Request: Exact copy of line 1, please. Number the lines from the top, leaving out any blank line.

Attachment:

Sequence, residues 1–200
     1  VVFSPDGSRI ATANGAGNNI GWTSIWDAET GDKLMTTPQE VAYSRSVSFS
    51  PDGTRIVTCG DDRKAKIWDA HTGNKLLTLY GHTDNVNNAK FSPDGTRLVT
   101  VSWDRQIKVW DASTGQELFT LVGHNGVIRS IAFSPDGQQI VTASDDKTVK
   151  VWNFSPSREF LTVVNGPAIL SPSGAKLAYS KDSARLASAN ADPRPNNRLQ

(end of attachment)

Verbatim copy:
Sequence, residues 1–200